For many, clubbing is an excuse to drink too much, dance until 2 a.m. and celebrate the energy of youth. For others, it's a release from the work week. For event producer and self-proclaimed "cultural contributor" Adriel Thornton, it's a way to bring people together, pay the bills and bring some spirit back to his hometown of Detroit.
Detroit's electronic music scene is legendary. Not only is it capable of influencing tastemakers worldwide, it also has a following whose passion is only matched by the Los Angeles rock and Brooklyn hip-hop scenes. It was this passionate and thriving community that first appealed to Thornton.
"Initially what attracted me to it was the music and the culture of the electronic music scene here," he says. "It sort of epitomized what I thought we should be striving for, this very equalized environment, in which it didn't matter if you were black, white, gay, straight, boy, girl. You find yourself in a room with every type of person you can think of and the fact that nobody cared about any of that was amazing to me."
While most successful people started their careers in a calculated effort to be great, many of the most legendary careers in history started with the same passion and luck. Thornton's career took the latter approach.
"I was introduced by a friend of mine to Detroit's underground electronic music scene," Thornton says. "You know, you're a kid - 17, 18 - you just want to get involved."
He approached Carlos Oxholm, former owner of the now-defunct club The Alley, with an offer to promote for him. Oxholm accepted and Thornton's career took off.
"As within any scene, you begin to get to know people and begin to become a part of it," he says. "Once you get started in something, if you really have a passion for it, you grow from it and the things you do grow with you. Next thing you know, you have a career."
He transitioned into promoting events to reach out to the people of his city and invite them into the happiness he'd found. He wanted to spread the love he felt for the Detroit underground electronic music scene.
"I had this culture that I really felt at home in and to be able to reach out and share that with other people via promoting and creating other events was really sustaining. It gave me a mission," he says.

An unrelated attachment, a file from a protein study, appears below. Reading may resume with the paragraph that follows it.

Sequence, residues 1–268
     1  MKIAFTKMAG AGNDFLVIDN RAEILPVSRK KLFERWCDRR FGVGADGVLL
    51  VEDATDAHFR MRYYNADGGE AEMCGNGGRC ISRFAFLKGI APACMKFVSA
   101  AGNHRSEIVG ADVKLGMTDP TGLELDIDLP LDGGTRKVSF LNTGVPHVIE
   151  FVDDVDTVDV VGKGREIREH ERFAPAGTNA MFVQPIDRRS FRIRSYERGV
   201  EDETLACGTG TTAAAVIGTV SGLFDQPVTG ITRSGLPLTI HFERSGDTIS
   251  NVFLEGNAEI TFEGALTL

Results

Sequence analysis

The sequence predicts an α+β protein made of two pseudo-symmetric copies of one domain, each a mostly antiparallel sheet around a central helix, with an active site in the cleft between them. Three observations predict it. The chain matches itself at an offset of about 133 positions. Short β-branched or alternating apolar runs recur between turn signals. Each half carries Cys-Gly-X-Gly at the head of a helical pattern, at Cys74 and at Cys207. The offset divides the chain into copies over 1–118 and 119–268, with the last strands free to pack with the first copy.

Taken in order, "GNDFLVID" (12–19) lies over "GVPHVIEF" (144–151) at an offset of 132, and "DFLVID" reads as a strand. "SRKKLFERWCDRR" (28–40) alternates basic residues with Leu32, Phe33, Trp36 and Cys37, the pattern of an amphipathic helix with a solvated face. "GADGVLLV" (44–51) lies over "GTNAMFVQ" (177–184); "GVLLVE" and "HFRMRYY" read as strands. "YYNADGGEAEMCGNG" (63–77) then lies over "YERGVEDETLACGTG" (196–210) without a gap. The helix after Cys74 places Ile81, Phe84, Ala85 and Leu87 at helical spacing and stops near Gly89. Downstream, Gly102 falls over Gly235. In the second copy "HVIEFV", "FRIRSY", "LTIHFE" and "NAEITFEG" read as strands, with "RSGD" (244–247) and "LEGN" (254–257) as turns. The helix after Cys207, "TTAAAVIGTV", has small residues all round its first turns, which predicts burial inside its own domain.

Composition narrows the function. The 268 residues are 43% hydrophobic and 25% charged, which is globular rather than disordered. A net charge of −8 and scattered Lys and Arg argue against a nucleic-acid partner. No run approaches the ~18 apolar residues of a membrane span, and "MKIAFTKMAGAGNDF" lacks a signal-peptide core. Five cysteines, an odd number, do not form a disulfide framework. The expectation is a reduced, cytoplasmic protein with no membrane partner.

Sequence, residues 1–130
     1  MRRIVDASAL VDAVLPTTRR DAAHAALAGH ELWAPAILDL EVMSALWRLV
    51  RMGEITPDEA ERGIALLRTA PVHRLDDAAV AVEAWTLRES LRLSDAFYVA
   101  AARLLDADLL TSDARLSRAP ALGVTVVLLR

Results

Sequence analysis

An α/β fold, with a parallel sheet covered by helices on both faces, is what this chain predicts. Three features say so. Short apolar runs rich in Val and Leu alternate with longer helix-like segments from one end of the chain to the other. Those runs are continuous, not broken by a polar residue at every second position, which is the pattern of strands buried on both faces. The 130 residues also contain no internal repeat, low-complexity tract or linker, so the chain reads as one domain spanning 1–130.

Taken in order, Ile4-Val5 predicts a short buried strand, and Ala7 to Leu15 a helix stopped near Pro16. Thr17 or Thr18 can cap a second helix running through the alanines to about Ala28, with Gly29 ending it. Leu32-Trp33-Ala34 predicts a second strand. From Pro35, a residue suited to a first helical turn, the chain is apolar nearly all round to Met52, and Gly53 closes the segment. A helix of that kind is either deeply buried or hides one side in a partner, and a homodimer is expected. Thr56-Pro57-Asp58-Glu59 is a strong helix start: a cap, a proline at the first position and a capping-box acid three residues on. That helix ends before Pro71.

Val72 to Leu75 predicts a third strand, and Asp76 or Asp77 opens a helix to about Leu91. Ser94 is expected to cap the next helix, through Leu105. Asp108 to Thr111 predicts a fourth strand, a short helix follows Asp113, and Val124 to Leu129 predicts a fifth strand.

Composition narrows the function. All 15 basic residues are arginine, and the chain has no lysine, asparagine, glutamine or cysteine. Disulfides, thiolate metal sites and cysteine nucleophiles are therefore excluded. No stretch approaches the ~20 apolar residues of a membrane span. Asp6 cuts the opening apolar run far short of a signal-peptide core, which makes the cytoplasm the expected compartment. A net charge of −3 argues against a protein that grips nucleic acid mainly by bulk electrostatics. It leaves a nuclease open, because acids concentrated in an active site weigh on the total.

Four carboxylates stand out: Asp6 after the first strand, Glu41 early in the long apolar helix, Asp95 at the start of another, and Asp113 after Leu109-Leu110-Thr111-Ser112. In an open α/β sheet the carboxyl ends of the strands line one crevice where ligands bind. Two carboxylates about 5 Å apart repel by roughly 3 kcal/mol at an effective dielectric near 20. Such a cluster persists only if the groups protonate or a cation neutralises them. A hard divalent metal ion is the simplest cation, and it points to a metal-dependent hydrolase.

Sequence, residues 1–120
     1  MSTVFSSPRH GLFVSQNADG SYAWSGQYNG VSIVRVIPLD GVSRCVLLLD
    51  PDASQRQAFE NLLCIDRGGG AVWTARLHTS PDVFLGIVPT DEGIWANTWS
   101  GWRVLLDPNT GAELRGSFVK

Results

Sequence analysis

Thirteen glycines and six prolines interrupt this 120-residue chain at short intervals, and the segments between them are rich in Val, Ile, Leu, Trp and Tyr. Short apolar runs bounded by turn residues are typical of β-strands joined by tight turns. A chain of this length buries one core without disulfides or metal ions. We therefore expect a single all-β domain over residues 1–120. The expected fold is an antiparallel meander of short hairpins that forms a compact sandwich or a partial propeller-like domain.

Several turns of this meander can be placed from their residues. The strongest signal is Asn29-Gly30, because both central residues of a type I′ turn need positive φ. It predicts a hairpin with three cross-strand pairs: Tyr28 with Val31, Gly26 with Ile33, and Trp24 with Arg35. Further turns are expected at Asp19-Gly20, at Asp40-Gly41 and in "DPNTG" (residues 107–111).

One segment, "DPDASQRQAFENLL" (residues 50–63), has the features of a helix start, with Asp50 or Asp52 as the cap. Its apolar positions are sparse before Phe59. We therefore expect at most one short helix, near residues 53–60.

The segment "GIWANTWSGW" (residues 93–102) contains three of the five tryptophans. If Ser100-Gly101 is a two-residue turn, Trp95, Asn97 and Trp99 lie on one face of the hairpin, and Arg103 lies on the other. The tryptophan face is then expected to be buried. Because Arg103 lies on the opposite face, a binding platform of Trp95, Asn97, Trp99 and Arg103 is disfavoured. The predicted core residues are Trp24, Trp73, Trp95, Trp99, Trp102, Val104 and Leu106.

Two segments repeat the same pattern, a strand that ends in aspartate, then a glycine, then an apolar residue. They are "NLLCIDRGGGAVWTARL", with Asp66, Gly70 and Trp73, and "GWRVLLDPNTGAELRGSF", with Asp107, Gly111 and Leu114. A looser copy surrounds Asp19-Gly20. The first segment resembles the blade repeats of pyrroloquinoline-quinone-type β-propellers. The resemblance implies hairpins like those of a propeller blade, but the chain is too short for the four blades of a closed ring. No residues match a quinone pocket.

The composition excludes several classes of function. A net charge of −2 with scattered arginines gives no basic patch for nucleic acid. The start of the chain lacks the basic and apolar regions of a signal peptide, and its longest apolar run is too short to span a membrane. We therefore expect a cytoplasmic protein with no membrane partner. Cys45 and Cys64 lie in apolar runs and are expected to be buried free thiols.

That mission: to bring people from all walks of life together.
"That's always been a mission of mine ... to create spaces and moments for people to gather and share that energy in a really positive way."
Thornton believes that a fat bass line has power to unite communities and break down the barriers people place between themselves.
"As human beings we have a tendency to become siloed in our own little world. When you bring a wide range of people together it creates an environment where you have to open yourself up to what's in front of you.
"It would be nice to have that utopian, Martin Luther King Jr. vision of equality in America, but we all know we're not there yet. I feel that being part of events that showcase positive things about what major America views as a marginalized group of people is important."
Despite all his numerous contributions to the Detroit nightlife and party scene, Thornton recognizes there's still a lot more to be done.
"In a metropolitan area that's roughly five million people, I feel like we should have multiple options every single night," he says. "Our club scene here is adequate but not all that it could be. Unfortunately, the metro Detroit market is still very segregated, not only by race but even in a socioeconomic way."
He has hopes to develop more parties, events and outlets for new media to help solidify the Detroit LGBT community and build bridges that would help people feel comfortable in every situation. He has seen plenty of reason to be hopeful already.
"Gay culture is being absorbed more into the mainstream society," Thornton says. "I think a lot of people are much more comfortable going to a non-gay bar with their boyfriend or girlfriend."
Thornton's passion for nightlife has made him something of a party ambassador for the city of Detroit. In 2011 he took part in a panel at South by Southwest about the revitalization of the city through a media-based economy. He also serves as the operations and outreach manager for Detroit-based media development think-tank Allied Media Projects.
In the LGBT entertainment and culture sphere, he served as an entertainment director for Motor City Pride since its move to Hart Plaza in Detroit. He also previously ran Family the Tuesday electronic music/queer night at Motor.
These days he's the producer of Cream, the LGBT party night at The Shelter at Saint Andrew's in Detroit. Every Saturday night, Thornton offers a unique after-dark experience to Detroit's gay nightlife. It attracts over 300 people every week.
"People are hungry for that downtown experience where you go out in the big city and just have fun," he says. "We're pulling in some of the community from downtown and Midtown but also the suburbs ... a nice diverse mix."
While diverse, the crowd does share one important similarity: They're all out to celebrate the night.
"These people seem to be more into clubbing than into bars," he says. They get dressed up a bit for it. You rarely see someone going out in sweats; they really make the effort to look cute."
For the record, he shamelessly claims Cream as his favorite place to go on a Saturday night, naturally.
"We don't have a drag queen that comes and stops the party," he says. "We have DJs and a very cool venue that we use, which gives it a cool underground vibe. Cream takes clubbing back to its roots."